Foreign-body giant cell

A foreign-body giant cell is a collection of fused macrophages (giant cell) which are generated in response to the presence of a large foreign body.[1] This is particularly evident with implants that cause the body chronic inflammation and foreign body response.[2] This reaction to the implant causes damages to the infected area, leaving the exterior surface with scars.[3]

Histopathologic image of aspiration pneumonia in an elderly patient with debilitating neurologic illness. Note foreign-body giant cell reaction. Autopsy case. H & E stain.

The nuclei are arranged in a disorganized manner.[4] The nuclei in this cell are centrally placed and overlap each other.[5] This is in contrast to a Langhans giant cell, where the nuclei are arranged on the border.

Foreign body cells can detect and eliminate bacteria caught within the body, by sensing the unique sugar coating that are on the invading prokaryotes.[1] These macrophage cells are one of a few phagocytic cells, but not the first to come to an injury site, and tend to linger from anytime between days to weeks.[1] There has been some research done on other variations of giant cells with different functions.[6]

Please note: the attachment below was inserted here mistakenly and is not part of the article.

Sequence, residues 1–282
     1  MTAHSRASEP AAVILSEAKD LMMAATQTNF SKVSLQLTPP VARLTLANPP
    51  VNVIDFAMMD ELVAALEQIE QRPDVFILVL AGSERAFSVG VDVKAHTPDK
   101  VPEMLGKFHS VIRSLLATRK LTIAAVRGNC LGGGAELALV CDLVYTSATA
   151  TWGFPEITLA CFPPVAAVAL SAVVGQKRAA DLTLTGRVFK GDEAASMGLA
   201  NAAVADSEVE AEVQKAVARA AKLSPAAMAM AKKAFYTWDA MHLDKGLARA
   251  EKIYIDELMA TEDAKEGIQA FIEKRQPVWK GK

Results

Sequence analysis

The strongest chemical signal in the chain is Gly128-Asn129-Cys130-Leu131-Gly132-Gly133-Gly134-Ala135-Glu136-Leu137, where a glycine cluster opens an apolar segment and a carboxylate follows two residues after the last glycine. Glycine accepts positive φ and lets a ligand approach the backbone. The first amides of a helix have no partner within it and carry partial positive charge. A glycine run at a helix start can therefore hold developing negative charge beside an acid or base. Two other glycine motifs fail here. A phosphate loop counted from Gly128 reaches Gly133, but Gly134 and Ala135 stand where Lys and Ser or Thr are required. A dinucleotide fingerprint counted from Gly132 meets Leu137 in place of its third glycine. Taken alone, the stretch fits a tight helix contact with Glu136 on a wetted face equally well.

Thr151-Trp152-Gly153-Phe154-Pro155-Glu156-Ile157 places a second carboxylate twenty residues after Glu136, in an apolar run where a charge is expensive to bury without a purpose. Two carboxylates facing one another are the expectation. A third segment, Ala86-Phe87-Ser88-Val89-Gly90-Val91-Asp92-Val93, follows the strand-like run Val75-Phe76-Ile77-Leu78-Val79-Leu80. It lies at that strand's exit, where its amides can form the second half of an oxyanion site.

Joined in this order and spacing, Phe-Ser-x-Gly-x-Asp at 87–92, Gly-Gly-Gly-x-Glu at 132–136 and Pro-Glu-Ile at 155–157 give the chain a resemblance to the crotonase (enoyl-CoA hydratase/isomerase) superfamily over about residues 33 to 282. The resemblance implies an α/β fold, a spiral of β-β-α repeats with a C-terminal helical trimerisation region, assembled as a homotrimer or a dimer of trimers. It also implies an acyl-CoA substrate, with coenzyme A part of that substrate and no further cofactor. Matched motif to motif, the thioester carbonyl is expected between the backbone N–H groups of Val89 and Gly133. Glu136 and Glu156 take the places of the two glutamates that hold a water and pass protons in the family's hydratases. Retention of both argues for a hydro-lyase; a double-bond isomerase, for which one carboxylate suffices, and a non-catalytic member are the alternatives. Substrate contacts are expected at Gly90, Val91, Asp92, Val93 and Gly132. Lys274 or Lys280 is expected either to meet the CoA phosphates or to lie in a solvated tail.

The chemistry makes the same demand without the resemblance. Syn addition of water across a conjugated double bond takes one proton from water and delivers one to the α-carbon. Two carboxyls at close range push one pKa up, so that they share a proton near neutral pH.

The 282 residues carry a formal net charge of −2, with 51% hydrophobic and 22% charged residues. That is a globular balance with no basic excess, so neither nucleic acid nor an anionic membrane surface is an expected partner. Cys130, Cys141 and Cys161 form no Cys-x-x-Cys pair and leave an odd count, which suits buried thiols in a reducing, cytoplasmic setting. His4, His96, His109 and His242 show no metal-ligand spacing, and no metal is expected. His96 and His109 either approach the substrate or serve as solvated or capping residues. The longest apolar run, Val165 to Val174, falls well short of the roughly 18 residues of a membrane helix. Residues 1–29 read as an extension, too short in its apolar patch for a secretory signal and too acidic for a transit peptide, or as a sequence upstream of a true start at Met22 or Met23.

1. "UWEB :: Research : Biomaterials Tutorial".
  2. Foreign+Body+Giant+Cell at the US National Library of Medicine Medical Subject Headings (MeSH)
  3. Mcnally, Amy (2003). "Giant Cell Formation". Am. J. Pathol. 163: 1147–56. PMC 1868253. PMID 12937156.
  4. "Inflammation".
  5. "Giant cells in chronic inflammation". Retrieved May 21, 2013.
  6. Brodbeck, WG; Anderson, JM (2009). "Giant cell formation and function". Curr. Opin. Hematol. 16: 53–7. doi:10.1097/MOH.0b013e32831ac52e. PMC 2679387. PMID 19057205.

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